Russia-Linked Cyber Espionage Group APT29 Remains ActiveResearchers Tie 'Operation Ghost' Activity to The Dukes, aka Cozy Bear and APT29
The Russian-linked hacking group known as The Dukes, which appears to have gone quiet over the last three years, has actually been targeting European embassies and ministries in a long-running stealth campaign that researchers at security firm ESET call "Operation Ghost."
See Also: 2023 Human Factor Report
The Dukes hacking group, which is also known as Cozy Bear and APT29, is one of two suspected Russian-linked cyberespionage organizations that targeted the Democratic National Committee in the run-up to the 2016 U.S. presidential election. Now, ESET researchers say the group's hackers also appear to have been targeting embassies during a stealth campaign that might date to 2013, despite their seemingly being inactive over the past three years.
In research published Thursday, ESET analysts have linked four new malware families to suspected attacks targeting several different ministries of foreign affairs in Europe, as well as at least one EU member state's embassy in the U.S.
The Dukes group has managed to hide these activities since at least 2013, and the Operation Ghost campaign was still active as of June, says Matthieu Faou, a malware researcher at ESET.
It's not clear at this time what type of information The Dukes group was targeting, but Faou says hackers have long targeted European embassies and ministries.
"We didn't have access to the stolen information. However, the Dukes have been interested by ministries of foreign affairs for a very long time," Faou tells Information Security Media Group. "These organizations typically deal with highly sensitive documents about national or worldwide policy. Thus, from an espionage perspective, they are very valuable targets. We might expect that they stole documents and emails about ongoing diplomatic discussions."
As part of its research, ESET's team found that The Dukes group has been using four different malware families to target these embassies and ministries as part of Operation Ghost. The analysts have named these samples PolyglotDuke, RegDuke, FatDuke and LiteDuke.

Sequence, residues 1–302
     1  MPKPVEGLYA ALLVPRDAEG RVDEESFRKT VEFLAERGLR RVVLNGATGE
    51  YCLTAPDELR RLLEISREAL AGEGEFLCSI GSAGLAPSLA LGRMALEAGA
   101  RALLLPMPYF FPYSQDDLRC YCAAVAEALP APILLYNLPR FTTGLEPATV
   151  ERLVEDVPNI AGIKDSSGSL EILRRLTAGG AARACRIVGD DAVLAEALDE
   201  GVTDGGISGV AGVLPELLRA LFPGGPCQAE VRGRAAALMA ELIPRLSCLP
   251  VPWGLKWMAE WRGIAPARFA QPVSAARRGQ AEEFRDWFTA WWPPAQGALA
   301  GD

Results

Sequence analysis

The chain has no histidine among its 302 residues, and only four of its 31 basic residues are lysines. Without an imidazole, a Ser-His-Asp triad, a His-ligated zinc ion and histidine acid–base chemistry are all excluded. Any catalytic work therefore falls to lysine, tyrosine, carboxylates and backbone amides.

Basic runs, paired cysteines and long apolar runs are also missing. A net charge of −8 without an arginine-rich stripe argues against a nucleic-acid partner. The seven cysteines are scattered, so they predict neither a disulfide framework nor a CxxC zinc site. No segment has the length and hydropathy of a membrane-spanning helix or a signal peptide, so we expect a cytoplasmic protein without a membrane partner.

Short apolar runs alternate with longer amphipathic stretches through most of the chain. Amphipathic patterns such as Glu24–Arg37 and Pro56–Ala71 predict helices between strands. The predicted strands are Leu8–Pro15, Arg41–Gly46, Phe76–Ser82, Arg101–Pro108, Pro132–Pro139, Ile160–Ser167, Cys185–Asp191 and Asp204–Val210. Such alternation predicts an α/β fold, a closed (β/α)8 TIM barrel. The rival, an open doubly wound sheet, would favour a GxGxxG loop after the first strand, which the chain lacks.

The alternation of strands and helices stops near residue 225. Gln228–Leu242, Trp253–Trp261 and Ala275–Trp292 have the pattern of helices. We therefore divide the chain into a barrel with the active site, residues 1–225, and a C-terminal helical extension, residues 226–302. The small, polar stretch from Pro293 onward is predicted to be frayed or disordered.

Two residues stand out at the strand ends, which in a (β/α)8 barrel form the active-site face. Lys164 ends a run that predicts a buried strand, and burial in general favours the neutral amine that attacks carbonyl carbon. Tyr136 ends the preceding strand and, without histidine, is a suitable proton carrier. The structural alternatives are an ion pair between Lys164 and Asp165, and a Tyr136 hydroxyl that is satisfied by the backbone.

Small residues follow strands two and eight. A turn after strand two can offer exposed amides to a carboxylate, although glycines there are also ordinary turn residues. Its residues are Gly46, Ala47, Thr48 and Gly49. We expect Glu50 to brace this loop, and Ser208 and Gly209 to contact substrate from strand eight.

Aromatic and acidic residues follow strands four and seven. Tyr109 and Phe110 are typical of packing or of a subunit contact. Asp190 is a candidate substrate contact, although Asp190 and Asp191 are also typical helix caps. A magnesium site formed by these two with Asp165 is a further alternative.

As with other types of attacks, ESET researchers believe that The Duke group uses spear-phishing emails to target embassy employees. These contain a malicious link that starts the attack and begins to plant the four malware families, researchers say.
Each strain malware appears to have a slightly different purpose.
With PolyglotDuke, the malware leverages social media platforms such as Twitter, Imgur and Reddit to act as the primary command-and-control channels, which means data is stored outside the malware itself. This helps bypass security tools and avoid detection, Faou says.
"For example, automated systems will be less likely to flag an executable as malicious if it only contains URLs of legitimate websites. Moreover, if the malware is executed in a sandbox, without internet access, it won't perform any malicious activity as it cannot reach the command and control server," Faou tells ISMG.
The ESET researchers note that The Dukes group has used social media previously to hide command-and-control servers, which is one way analysts linked this attack to other activities conducted by these hackers.
The second malware family, RegDuke, is the main payload for these attacks and it usually stores its encryption key within the main Windows registry of an infected device. The group uses steganography to hide the malware within an image file, the researchers say.
MiniDuke is part of the second stage of the attack and acts as a simple backdoor into an infected network, the researchers say. This malware also resembles similar samples that Kaspersky researchers uncovered in 2014.
Then there's FatDuke, which is the third and final stage of this particular attack. This malware is a much more sophisticated backdoor, with a much greater range of functionality, the research finds. In addition, the hackers not only obfuscate the code, but they also re-compile it frequently to help avoid detection, ESET researchers say.
Fancy and Cozy Bears
Although The Dukes or Cozy Bear has gone silent over the last three years, the ESET research indicates that the group has continued with its cyber espionage activity and has been successful is flying under the radar.
Over the years, security researchers have linked The Dukes group to the Russian government and military as well as a second, much more well-known cyber espionage organization called APT28 - aka Sofacy, Strontium and Fancy Bear - which was also involved in the U.S. election interference in 2016 (see: Russia-Backed APT Groups Compete With Each Other: Report).
In September, ESET published another report that said Fancy Bear had also been targeting ministries of foreign affairs and embassies in Eastern Europe and Central Asia with revamped, malicious tools (see: 'Fancy Bear' Hacking Group Adds New Capabilities, Targets).